So it’s the Super League Grand Final this weekend, with St Helens and Wigan looking set to play out 80 friendly minutes full of handshakes, bum slaps and “jolly good hit sons”.


St Helens and Wigan hate each other. They absolutely despise each other. It is one of world sport’s oldest, most bitter and greatest rivalries.

What there is though, is a mutual respect between the two town sides separated by a mere ten miles, and it’s set to be a firecracking humdinging ripsnorter of a clash between Super League’s two standout teams this season.

As is customary, the end of a season brings about a time of reflection and a look forward to the future. What is next for the quite wonderful yet quirky sport of rugby league?

On the face of it, Super League is in somewhat of a stagnant state. The main contenders  have been the main contenders for many seasons, the Challenge Cup final at Wembley again failed to sell out this year and failed to reach the previous two year’s attendances. There was nothing particularly new or ground-breaking about this season.

Whilst the Barclays Premier League discussed fixtures abroad and Rugby Union, like a flashier, more popular twin brother shook up its European club competition with a brand spanking new European Champions Cup, Rugby League went about its business in its usual unfussy way.

The question is, should Rugby League be doing more to progress?

Well that depends on what Rugby League wants to do as a sport.

Rugby League has always lived, for better or worse, by its comparison to Rugby Union. A somewhat unfair comparison given the difference both in money involved and participants between the sports. But the similarity between League and Union, and the number of cross-code stars make comparisons inevitable.

Union reigns over League in terms of attendances, turnover and worldwide popularity, and is therefore more attractive commercially: Over the years it has pinched League’s best talents with the lure of money, worldwide travel and ultimately more prestigious international competition. Just this week Sam Burgess, arguably the best player of either code in the world, played his last match of League in search of greater things in Union.

There also remains a feeling that rugby league is incredibly localised to Yorkshire and Lancashire: This shows little sign of abating, with attempts to drip feed the sport’s popularity into other areas of the UK being at best deficient. At grassroots level, Rugby League is an alien concept to schools further south than Widnes and further north than Leeds, and you would be hard pressed to find a club with a strong junior section outside of the rose counties stronghold.

Attempts to launch a competitive London-based Super League side make perfect sense commercially, however the London Broncos/Harlequins Rugby League venture has fitted and started ever since its inception. Let’s not mention the (Celtic) Crusaders Welsh adventure which was beset by scandal after scandal before grinding to a halt merely two years after joining the sport’s premier division.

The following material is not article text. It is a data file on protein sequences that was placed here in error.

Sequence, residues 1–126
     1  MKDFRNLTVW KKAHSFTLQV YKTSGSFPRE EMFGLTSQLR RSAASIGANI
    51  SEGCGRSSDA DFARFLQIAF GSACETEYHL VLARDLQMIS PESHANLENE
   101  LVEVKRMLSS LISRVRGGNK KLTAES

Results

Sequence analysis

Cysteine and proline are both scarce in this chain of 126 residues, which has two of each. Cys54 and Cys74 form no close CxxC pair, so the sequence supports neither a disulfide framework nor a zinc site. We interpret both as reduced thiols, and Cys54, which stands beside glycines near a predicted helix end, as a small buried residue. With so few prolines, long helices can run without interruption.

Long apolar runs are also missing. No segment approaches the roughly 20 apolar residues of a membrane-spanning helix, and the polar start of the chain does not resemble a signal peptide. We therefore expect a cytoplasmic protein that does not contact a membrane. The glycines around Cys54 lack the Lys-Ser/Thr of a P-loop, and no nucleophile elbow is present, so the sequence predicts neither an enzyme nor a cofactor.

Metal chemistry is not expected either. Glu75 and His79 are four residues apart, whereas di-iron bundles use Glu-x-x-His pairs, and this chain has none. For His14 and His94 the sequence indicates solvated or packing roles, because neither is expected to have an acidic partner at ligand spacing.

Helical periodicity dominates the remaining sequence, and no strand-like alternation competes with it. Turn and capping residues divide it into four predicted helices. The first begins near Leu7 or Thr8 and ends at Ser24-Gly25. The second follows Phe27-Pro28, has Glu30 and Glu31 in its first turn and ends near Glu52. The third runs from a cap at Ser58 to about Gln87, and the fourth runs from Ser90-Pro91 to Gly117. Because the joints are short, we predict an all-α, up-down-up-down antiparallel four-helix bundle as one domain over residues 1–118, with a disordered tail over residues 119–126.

Those who argue that a Super League franchise can be built outside the north of England will point to the success of Catalan Dragons, who overcame Super League giants Leeds in this year’s play offs. The Dragons were hardly built from scratch however and joined the Super League after outgrowing the minimal competition in France.

However, is the sport’s heavy concentration in Yorkshire and Lancashire necessarily a bad thing? Rugby League’s association with traditional working-class towns like St Helens, Wigan and Castleford is what gives the sport its identity, with an atmosphere to rival football without the nastiness.

Surely Rugby League’s way of remaining a commercial success is not to try and expand into an area where it’s fighting a losing battle, swimming against a southern stream of rugby union, football and cricket, but to sell this identity to a wider audience?

Super League has something good going on. Rugby League is the toughest team sport in the world, with its sheer physical demands unrivalled – just ask cross-code star Gareth Thomas.

It has its target audience, and a passionate vocal one at that. A trip down to Headingley in Leeds or Castleford’s jungle shows you how league have some of the most fervent sports fans in the world. And a sport’s popularity in the region isn’t entirely dependable on a major club’s prevalence there.

The comparisons to Union are unlikely to go away, and without seismic changes that would take years to transpire League is unlikely to compete as a worldwide superpower.

However as a game it is easier to follow, far quicker and with a higher skill level than its counterpart

Maybe it doesn’t need to change.

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